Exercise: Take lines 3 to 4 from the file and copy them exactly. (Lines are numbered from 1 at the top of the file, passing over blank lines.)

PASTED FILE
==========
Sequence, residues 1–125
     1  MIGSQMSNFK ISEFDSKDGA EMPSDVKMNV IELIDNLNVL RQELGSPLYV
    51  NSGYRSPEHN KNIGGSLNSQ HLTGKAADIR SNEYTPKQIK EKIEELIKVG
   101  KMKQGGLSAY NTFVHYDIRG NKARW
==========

    51  NSGYRSPEHN KNIGGSLNSQ HLTGKAADIR SNEYTPKQIK EKIEELIKVG
   101  KMKQGGLSAY NTFVHYDIRG NKARW